Singer Whitney Houston appears to have suffered a heart episode before accidentally drowning in the bathtub of a Beverly Hills hotel suite, according to coroner's officials who listed cocaine use as a contributing factor.
The autopsy results were released Thursday after weeks of intense speculation over how the 48-year-old pop star died. The case marks another high-profile Hollywood death connected to drug use, coming less than three years after Michael Jackson died suddenly at his Holmby Hills mansion. Jackson's death resulted from use of a surgical anesthetic for sleep, and his doctor was later convicted of involuntary manslaughter.
Houston had battled drug addiction for years, and the coroner's office found traces of several drugs — including marijuana, the anti-anxiety medication Xanax, the muscle relaxant Flexeril as well as Benadryl — in her system. But the coroner's office concluded that those drugs did not contribute to her death.
Cocaine did play a role, though officials would not say how much of the drug was in her system. Craig Harvey, the coroner's operations chief, said the toxicology findings "suggested chronic usage."
"She could have had a heart attack," rendering her unconscious, and then become submerged in the filled tub, said Ed Winter, the coroner's deputy chief for operations.
A law enforcement source said that no cocaine was found in Houston's room at the Beverly Hilton Hotel but that bottles of various medications were recovered. The autopsy found that the singer suffered from a pre-existing condition known as atherosclerotic heart disease.
David Campbell, a retired captain for the coroner's office, said the disease is often linked to blockages of blood flow to the heart.
Use of cocaine and other narcotics would intensify the dangers, he said. Cocaine can constrict blood vessels and reduce blood flow, he said.
In an interview with ABC News in 2002, Houston acknowledged using cocaine as well as marijuana and drinking heavily at times. She strongly denied using crack cocaine.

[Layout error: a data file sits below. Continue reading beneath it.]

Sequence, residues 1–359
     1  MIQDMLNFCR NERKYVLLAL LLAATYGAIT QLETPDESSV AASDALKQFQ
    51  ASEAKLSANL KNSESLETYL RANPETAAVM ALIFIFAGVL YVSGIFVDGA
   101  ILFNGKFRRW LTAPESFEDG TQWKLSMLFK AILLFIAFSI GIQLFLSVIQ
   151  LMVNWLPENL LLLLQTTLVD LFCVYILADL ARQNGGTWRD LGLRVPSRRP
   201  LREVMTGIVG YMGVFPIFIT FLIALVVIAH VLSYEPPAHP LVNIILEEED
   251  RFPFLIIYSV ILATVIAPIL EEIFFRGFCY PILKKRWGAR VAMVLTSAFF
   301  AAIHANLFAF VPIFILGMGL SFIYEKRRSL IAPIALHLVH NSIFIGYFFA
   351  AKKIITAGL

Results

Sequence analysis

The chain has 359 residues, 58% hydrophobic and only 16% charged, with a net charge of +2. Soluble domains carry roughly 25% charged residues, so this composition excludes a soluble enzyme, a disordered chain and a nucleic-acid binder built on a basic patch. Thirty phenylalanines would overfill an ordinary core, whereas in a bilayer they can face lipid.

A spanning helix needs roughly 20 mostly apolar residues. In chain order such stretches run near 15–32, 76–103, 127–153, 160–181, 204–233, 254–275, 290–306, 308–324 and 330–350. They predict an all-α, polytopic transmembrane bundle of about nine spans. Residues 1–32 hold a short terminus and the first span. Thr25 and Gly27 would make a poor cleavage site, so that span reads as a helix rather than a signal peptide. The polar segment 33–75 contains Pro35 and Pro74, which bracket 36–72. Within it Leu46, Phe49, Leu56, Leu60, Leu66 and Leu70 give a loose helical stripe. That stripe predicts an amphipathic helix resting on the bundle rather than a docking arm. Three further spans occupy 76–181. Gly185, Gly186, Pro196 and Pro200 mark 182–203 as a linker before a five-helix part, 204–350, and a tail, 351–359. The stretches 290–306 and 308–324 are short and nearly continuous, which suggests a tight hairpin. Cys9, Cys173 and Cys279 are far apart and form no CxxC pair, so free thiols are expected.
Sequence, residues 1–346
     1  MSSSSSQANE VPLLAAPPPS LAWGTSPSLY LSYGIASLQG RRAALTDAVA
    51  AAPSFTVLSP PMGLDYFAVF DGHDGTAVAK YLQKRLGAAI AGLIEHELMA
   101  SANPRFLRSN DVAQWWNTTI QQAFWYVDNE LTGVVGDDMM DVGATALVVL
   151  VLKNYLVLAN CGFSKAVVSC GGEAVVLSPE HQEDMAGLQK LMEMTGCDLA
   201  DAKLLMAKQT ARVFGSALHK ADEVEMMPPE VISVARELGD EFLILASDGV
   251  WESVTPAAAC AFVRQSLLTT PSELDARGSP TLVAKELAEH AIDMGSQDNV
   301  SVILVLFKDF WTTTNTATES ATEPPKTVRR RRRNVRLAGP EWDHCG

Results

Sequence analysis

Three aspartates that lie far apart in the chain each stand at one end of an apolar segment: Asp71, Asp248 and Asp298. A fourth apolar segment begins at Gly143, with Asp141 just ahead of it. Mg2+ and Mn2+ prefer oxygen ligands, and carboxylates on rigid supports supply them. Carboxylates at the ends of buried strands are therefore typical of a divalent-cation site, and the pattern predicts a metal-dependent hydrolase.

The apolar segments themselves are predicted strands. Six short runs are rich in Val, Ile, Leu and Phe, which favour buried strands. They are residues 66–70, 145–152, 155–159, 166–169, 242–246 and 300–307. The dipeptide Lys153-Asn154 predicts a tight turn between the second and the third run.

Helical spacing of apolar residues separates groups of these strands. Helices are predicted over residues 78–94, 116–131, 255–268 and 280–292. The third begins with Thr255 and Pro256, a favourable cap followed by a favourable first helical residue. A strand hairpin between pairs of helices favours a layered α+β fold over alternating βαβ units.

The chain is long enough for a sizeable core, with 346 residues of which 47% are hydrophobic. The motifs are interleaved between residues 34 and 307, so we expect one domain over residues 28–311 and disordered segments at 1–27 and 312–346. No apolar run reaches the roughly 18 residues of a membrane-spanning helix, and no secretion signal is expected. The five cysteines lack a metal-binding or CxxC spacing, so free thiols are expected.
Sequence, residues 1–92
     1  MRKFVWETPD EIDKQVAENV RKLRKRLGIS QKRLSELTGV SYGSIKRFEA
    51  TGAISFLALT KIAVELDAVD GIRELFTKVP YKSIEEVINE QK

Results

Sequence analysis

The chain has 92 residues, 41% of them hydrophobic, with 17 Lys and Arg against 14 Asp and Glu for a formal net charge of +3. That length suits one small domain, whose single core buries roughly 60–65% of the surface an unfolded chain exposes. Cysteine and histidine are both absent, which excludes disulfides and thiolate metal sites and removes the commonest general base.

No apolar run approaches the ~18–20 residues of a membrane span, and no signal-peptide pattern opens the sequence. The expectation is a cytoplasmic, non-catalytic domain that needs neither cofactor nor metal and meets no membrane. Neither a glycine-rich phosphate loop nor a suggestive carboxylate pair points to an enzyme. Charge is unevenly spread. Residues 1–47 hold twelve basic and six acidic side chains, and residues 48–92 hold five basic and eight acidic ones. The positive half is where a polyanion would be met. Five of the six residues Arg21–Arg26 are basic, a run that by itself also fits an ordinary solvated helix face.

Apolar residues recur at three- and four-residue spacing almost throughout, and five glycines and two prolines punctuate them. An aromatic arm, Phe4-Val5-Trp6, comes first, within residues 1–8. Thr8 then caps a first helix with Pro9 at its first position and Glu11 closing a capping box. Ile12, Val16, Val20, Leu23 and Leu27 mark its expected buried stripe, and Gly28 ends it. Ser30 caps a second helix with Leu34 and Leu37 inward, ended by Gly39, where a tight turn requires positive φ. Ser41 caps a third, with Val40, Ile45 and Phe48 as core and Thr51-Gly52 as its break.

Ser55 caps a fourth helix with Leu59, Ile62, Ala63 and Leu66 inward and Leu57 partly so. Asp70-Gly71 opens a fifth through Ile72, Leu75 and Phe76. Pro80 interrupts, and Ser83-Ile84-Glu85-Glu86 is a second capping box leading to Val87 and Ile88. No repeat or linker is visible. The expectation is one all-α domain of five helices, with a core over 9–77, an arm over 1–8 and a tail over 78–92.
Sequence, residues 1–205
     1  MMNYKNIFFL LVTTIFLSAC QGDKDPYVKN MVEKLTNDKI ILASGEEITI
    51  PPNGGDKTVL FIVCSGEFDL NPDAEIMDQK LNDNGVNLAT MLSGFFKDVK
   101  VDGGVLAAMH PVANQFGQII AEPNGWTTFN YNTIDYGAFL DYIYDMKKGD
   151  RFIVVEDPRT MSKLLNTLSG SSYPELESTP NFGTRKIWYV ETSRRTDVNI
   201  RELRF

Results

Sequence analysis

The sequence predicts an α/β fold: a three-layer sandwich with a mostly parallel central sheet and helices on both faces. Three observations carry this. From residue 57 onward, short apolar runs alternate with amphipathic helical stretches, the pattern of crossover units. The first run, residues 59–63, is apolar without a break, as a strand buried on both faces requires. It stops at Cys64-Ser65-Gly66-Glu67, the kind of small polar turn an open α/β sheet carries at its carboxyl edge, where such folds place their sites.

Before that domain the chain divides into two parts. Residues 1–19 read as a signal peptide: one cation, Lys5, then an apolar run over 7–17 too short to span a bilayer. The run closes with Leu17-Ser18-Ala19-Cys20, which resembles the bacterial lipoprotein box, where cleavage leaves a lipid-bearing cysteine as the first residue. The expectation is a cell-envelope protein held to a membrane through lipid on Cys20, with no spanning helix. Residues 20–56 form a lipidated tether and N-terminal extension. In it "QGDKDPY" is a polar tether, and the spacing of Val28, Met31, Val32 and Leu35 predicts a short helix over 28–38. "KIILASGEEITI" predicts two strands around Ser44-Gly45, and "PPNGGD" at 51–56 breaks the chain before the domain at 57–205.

"Crack is cheap. I make too much money to ever smoke crack," she said in the interview. "Let's get that straight. OK? We don't do crack. We don't do that."
Last May, Houston's spokeswoman said the singer was going back into rehab.
Cocaine has played a role in several high-profile deaths among entertainers. In 1982, John Belushi died of a combined injection of cocaine and heroin known as a speedball at the Chateau Marmont on the Sunset Strip. Fellow "Saturday Night Live" performer Chris Farley died of an accidental overdose of cocaine and morphine in Chicago in 1997.
Unlike in the Jackson case, Winter said no further investigations are planned. Beverly Hills police said detectives will prepare a final report, due to be released in two weeks, after they review the coroner's findings.
Investigators had served subpoenas on doctors as well as at the pharmacies where Houston obtained the prescriptions they found in her hotel room. But officials said they don't believe any of those medications played a role in her death. Authorities did not say how long those drugs had been in her system.
Houston was found submerged in the bathtub of her hotel room the afternoon of Feb. 11 by an assistant. Beverly Hills Fire Department paramedics performed CPR on the singer for about 20 minutes before pronouncing her dead.
She was in Beverly Hills for music industry titan Clive Davis' annual pre-Grammy party that night at the Hilton. Her death cast a pall over the Grammy Awards, which took place the next day.
In the days before her death, Houston had been acting strangely, skipping around a ballroom, doing handstands near the hotel pool and perspiring heavily. Two days before her death, she dropped by the rehearsals for the pre-Grammy party. A Grammy staffer said that as reporters interviewed Davis and singers Brandy and Monica, Houston was dancing just off camera to make them laugh.
Davis, who discovered Houston and shepherded her recording career, declined through a spokeswoman to comment on the coroner's report.
Houston's family said they hope the autopsy allows them to move on with their lives.
"We are saddened to learn of the toxicology results, although we are glad to now have closure," said Patricia Houston, the singer's sister-in-law and manager, in a statement to the Associated Press.